PEMBROKE PINES, Fla. – Richard Felker of Pembroke Pines said he's been the victim of identity theft not just once, but twice.
"Goodness, each time this happened I spent a good hour and a half to two hours going through the procedure to get it stopped. At the end, I had 11 cards compromised," Felker said.
Felker never lost his credit cards or wallet. He believes thieves changed his mailing address at the post office.
"My bills that come to me, directly addressed to me, stopped coming," Felker said.
Florida holds the country's top spot for ID theft; a complaint category that for the past 15 years has led the Federal Trade Commission's list of complaints.
The threat is not restricted to credit cards. Hackers can wreak havoc, so Local 10 News investigative reporter Christina Vazquez gathered some advice on what, if anything, can be done to keep information safe.
Click here to view the FTC report on 2014 Identity theft statistics.
"It's a big problem and there's a whole world of victims out there that may not even know it," consumer protection attorney Jason Weaver said.
That's because thieves can steal your identity and hijack your credit without having your physical credit card. E-mail, phone, and mail are ways thieves make contact with their victims.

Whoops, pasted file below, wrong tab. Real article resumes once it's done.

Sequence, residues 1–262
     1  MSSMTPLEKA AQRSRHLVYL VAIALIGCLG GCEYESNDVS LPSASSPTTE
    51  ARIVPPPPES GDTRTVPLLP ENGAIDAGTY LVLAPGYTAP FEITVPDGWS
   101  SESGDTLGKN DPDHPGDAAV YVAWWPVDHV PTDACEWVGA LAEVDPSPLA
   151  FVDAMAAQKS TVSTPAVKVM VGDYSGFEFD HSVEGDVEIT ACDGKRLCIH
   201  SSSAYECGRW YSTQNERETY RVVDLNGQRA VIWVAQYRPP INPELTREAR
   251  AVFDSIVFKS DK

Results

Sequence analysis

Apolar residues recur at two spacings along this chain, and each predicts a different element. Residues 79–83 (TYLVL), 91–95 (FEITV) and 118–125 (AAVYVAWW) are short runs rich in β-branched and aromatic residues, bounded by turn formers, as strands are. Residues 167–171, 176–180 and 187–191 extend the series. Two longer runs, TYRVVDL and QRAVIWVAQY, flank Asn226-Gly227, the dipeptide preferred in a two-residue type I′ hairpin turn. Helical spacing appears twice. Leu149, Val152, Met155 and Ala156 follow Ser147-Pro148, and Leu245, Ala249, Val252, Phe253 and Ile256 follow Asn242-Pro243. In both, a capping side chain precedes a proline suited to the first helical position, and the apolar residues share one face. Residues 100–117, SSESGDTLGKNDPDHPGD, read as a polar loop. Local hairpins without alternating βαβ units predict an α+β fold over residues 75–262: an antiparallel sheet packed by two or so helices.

Cyber data breeches, like the one recently reported at the IRS, demonstrate how quickly our personal information can be hijacked and exposed to identity thieves.
"It can devastate your credit score immediately," Weaver said.
But there's things Weaver said you can do to protect yourself:
1. Monitor your credit and get a copy of your credit report every year. It's free.
2. Give your credit card information over the phone only to larger companies that you trust.
3. Watch for ATM shoulder surfers and stick to bank ATM's. Avoid portable ones like those that pop up at conventions or carnivals, as they are popular targets for ID thieves armed with card readers.
4. Don't click on links in emails from people or companies you don't know.
5. Check the URL and contact the company directly to confirm any advertised give-aways or prizes.
"Consumers who are victims of identity theft have to remember that they have got a two part problem. The first is their credit and getting it off their credit report. And the second is contacting these people who say the consumer owes them money. You need to tell them this isn't my debt," Weaver said.
Follow Christina Vazquez on Twitter @CallChristinaTV
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